While nearing the holiday that celebrates romantic love, I am reminded of the many ways corporations and media exploit these powerful feelings to drive sales: Victoria’s Secret. Penis pills. “Every Kiss begins with Kay (jewelers).” Fifty Shades of Grey. “Magic Mike 2”. The ever impressive stacks of “bodice ripper” romance novelettes in the used books bin of my grocery store. Screaming, bold-font headlines of checkout aisle magazines seem to suggest otherwise (Cheated!Pregnant!Hottest Beach Bodies!), but loss of libido is a relatively common concern for women (and men), and it is important to identify the potential root cause(s) or aggravating factors within the context of one’s overall health.
When I was a naturopathic medical student completing my preceptorships with practicing doctors, I remember feeling shocked by how many trial packages of Viagra were given out to patients in one oncologist’s office. There were always one or two drug reps from various companies waiting for him at any given point, and the office had a large closet stuffed full of free samples. What’s with all the Viagra, in an oncology practice?? He told me that many of his patients ask for this, and that it is a great opportunity to examine their cardiovascular health, as this is a major cause of sexual dysfunction in men.
For the purposes of this article, I want to now focus on a few common causes of loss of libido in women, because it is often not discussed openly anywhere else:
“It hurts.” Changes in hormones during the perimenopausal and postmenopausal years reduces lubrication, thickness and pliability of vaginal tissues. Using a lubricant that is water-based, and free of harsh chemicals during sex can promote more comfortable glide.They also help prevent urinary tract infections by protecting the urethra from mechanical irritation. Using a daily vaginal personal moisturizer with vitamin E is also recommended (this may be used in lieu of a separate lubricant- but it may not give the same “slip” factor), as a means to keep delicate tissues supple and comfortable. Surprisingly, I still encounter women who are prescribed conventional hormone replacement therapies (HRT), even though this has been conclusively shown to increase the risk of stroke and heart disease in well-defined, large studies. Naturopathic doctors are often able to help their patients ease these problems with careful supplementation and botanical medicine. For those who need a little more support, prescribing very small doses of bio-identical hormones to be applied topically directly to vaginal tissues is usually enough to improve tissue flexibility, thickness and lubrication, without the significant increase in systemic serum hormones seen in more conventional dosing regimens.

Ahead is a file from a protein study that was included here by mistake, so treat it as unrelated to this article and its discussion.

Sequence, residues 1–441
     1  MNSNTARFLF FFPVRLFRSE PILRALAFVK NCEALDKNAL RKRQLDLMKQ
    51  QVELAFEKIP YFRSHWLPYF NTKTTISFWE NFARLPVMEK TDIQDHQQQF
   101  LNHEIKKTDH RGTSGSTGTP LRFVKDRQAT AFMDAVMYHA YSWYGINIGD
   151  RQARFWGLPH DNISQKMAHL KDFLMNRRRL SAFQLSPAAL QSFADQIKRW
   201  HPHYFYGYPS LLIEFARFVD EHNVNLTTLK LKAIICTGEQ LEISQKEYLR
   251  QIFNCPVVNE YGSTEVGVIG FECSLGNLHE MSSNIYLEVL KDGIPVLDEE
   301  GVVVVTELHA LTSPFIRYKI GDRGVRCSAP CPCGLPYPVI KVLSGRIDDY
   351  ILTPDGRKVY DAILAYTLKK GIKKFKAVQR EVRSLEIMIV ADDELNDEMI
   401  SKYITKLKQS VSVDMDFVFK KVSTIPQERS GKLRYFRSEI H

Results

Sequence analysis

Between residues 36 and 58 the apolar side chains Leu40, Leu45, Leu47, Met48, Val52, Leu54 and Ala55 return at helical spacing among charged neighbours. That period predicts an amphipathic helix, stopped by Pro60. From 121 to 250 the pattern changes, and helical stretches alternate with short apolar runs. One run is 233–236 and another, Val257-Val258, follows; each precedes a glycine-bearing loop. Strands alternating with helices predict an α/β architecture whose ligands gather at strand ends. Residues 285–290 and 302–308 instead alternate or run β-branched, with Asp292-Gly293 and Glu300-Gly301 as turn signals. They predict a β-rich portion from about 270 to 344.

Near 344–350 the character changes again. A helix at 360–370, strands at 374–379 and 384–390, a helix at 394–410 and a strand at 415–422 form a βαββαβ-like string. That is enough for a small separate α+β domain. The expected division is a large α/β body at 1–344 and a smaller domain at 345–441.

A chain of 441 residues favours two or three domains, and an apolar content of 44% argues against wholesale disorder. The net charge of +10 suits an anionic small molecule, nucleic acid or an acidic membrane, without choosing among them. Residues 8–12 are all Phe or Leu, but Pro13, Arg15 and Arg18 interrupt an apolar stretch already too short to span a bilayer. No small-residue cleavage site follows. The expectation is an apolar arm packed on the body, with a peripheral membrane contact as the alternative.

“I’m too tired.” Lack of sleep, being too busy, having low iron, thyroid problems and heart disease can all cause problems here. Your doctor can help investigate whether there is a treatable medical condition contributing to your loss of libido. Meditation techniques can help alleviate stress responses that sap energy. Another common cause, especially for new moms, is feeling “touched out.” Sleep deprivation combined with having another human being constantly attached to your body and literally sucking the life out of you, can throw sex pretty low on the priority scale. This has to be an evolved reaction- a survival technique to help block another pregnancy from happening too soon. Time, sleep, and having some babysitting breaks might help get through the sexual desert faster.
“I’d rather just read my book.” Sometimes, health and functions are fine, but the interest just isn’t there. It can be that things have simply gone into a rut. One of the ways to combat this is to do something different together, and it doesn’t have to be sexual. Trying a new adventure, activity or interest together can be enough to jazz up more interest. Feeling warm and comfortable also helps; a study led by Gert Holstege from the University of Groningen in the Netherlands found that warming feet (by wearing socks) increased rate or female orgasm to 80% of participants, up from 50%! Certain medications, such as antidepressants, can also reduce libido as a common side effect. This is often a big reason that naturopathic patients are seeking alternatives to continuing with their antidepressant medications. Physical contact through dance, or massage, can be another great way to feel closer again. Essential oils such as ylang ylang, rose and cinnamon can add sultry scents to massage oil to help the mood, but it is really all about what scents appeal to each person- whether it’s floral, vanilla, bacon, or “new car smell” (why yes, that really exists as a product!) And when an extra boost is desired, a small dose of bio-identical hormones applied topically can add the extra, “Va-va-voom.” Sharing intimacy with a cherished partner can happen in many ways over the years, and change is OK. It does not necessarily mean that there is a problem if you don’t feel like you did in your 20’s anymore, or feel exactly as you did during the early courtship days of your relationship. But keeping the lines of communication open and supporting each other is key. Don’t forget the vaginal moisturizer and/or lubricant.
And there’s always “Fifty Shades of Grey.”*
*(The author has never actually read or seen, “Fifty Shades of Grey”, but social media contacts seem to like this one. 😉
Cora Rivard, N.D.